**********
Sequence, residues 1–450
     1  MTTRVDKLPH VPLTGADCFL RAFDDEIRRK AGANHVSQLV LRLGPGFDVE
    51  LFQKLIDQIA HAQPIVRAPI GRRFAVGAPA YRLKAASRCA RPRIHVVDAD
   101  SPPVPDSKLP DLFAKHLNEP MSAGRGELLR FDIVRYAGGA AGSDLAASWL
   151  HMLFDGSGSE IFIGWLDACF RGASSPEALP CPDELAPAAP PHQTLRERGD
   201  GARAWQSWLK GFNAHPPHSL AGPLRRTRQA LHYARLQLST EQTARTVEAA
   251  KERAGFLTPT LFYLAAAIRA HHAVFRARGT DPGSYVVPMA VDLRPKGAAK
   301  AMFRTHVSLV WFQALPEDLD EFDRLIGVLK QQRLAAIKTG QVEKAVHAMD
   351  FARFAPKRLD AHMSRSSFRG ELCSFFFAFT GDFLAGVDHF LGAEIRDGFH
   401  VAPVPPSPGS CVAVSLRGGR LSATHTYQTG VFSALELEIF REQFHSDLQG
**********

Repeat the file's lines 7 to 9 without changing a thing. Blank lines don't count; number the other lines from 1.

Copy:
   251  KERAGFLTPT LFYLAAAIRA HHAVFRARGT DPGSYVVPMA VDLRPKGAAK
   301  AMFRTHVSLV WFQALPEDLD EFDRLIGVLK QQRLAAIKTG QVEKAVHAMD
   351  FARFAPKRLD AHMSRSSFRG ELCSFFFAFT GDFLAGVDHF LGAEIRDGFH